Jordanian education and tourism ministers resign over Dead Sea disaster

Updated 01 November 2018

Jordanian education and tourism ministers resign over Dead Sea disaster

  • 21 people died in flash floods last week, many of them school children on a field trip.
  • Many of those killed were children under 14.

AMMAN: Jordan's tourism and education ministers resigned Thursday in response to flash floods near the Dead Sea that killed 21 people- mostly children.

The government has come under increasing pressure for the disaster last Thursday after it emerged that a school trip had gone ahead despite warnings of bad weather. 

The Minister of Tourism Lina Annab and Minister of Education Azmi Mahafzah submitted their resignation to Prime Minister Omar Al-Razzaz after several members of parliament called for their dismissal earlier this week. 

Annab said that she had resigned from her post as Minister of Tourism and Antiquities “in light of the general political climate and the painful situation that our beloved country experienced and is experiencing.”

It has not yet been announced whether the Jordanian prime minister had accepted the resignations or not.

Pupils on the school trip, their teachers and minders had stepped out of their bus in a tourist area called Al-Miyah Al-Sakhina when they were hit by a flash flood that washed them towards the nearby Dead Sea.

Twenty-one people died in the floods and many of them were children under 14. Families picnicking in the popular destination were also among the dead and injured.

Jordanian political scientist Philip Madant told Arab News that the decision helped preserve Prime Minister Omar Razzaz's government. 

MP Nabil Gheishan told Arab News that the resignation avoids a major confrontation that could have brought down the government. “This was the least that they can do to ensure the government stays.”





Syria’s Kurds criticise Damascus ‘threats’

Syrian Defense Minister Ali Ayoub, above, said the government is determined to return the Kurdish-led areas. (AFP)
Updated 19 March 2019

Syria’s Kurds criticise Damascus ‘threats’

  • Syrian defence minister made the remarks during a press conference on Monday
  • SDF said the remarks expose the government’s divisive plans

OMAR OIL FIELD, Syria: Syria’s Kurds have criticized the “threatening language” of the Damascus regime after it pledged to retake northeastern areas they control by reconciliation or by force.

The minority have largely stayed out of Syria’s war, instead carving out a de-facto autonomous region across a large swathe of northern and northeastern Syria.

That region is held by the Kurdish-led Syrian Democratic Forces who have been battling the Daesh group with backing from a US-led coalition.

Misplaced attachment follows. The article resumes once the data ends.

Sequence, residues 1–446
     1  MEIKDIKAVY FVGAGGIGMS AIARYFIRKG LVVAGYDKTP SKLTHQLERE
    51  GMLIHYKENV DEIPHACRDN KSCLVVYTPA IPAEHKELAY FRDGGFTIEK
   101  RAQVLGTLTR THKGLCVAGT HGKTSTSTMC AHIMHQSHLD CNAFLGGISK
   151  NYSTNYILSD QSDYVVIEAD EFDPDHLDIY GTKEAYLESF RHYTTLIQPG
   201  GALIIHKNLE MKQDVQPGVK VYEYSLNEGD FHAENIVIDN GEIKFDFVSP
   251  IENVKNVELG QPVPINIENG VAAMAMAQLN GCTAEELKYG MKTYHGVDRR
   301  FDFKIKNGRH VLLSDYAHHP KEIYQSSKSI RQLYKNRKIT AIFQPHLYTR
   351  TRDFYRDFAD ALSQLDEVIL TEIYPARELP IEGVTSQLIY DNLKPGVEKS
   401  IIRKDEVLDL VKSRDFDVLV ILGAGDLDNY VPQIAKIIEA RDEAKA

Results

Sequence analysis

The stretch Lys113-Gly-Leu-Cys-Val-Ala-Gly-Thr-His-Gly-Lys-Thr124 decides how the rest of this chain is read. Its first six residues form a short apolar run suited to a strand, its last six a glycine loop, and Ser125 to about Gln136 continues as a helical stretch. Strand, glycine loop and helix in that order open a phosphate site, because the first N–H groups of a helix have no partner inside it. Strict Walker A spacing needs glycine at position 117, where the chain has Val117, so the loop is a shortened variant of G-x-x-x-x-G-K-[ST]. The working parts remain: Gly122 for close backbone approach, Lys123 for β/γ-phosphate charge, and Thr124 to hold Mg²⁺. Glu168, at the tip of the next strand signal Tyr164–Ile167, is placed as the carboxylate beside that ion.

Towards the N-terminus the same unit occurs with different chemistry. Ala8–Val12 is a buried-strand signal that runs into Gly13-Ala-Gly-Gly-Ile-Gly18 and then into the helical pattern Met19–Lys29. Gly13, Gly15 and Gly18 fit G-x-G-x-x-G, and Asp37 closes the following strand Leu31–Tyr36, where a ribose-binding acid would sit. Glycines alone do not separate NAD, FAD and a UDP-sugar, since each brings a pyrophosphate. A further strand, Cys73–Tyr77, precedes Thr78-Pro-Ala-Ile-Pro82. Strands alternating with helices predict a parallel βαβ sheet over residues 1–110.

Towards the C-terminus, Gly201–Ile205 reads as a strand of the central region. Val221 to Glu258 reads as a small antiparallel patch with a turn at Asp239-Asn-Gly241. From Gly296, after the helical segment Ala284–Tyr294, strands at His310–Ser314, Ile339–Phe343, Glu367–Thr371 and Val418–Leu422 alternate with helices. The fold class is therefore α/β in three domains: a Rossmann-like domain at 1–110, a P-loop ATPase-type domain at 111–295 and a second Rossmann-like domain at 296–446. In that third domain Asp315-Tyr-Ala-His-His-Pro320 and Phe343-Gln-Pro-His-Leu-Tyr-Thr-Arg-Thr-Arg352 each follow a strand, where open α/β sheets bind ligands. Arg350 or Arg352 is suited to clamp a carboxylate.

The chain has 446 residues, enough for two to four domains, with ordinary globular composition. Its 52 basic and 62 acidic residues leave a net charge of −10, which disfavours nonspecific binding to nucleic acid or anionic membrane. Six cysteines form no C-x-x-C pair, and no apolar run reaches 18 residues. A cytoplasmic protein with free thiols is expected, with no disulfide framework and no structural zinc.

Syrian Defense Minister Ali Abdullah Ayoub on Monday said his government would recapture all areas held by the SDF “in one of two ways: a reconciliation agreement or... by force.”

In a statement late Monday, the semi-autonomous administration slammed his comments.

“The Syrian defense minister’s statement regarding the SDF... reflects the continuation of the racist and sterile policy that has led Syria to this disastrous situation,” it said in a statement.

“The use of threatening language against the SDF who have liberated and protected the north and east of Syria from terrorists only serves those forces working to divide Syria,” it said.

US President Donald Trump’s announcement in December of a pullout of all US forces from Syria shocked the Kurds and sent them grappling to mend fences with Damascus.

Dialogue between both sides has been ongoing, but has failed to bear fruit.

Damascus rejects Kurdish self-rule and wants a return of government institutions to oil-rich SDF-held areas.

The Kurds want protection from a long-threatened Turkish offensive, but seek some form of decentralization from Damascus.

“The autonomous administration... stands by its position of the need for a solution and dialogue within the Syrian framework for all pending issues,” the Kurdish authorities said.

“But we want all sides to know that we, while choosing the political solution, we will spare no effort in the legitimate defense of our rights if necessary,” he said.

Eight years into a war that has killed more than 370,000 people, the Damascus regime controls almost two-thirds of the country after a series of victories against rebels and jihadists.

But the SDF-held region, a northwestern jihadist bastion and border areas held by Turkey’s Syrian proxies remain beyond its control.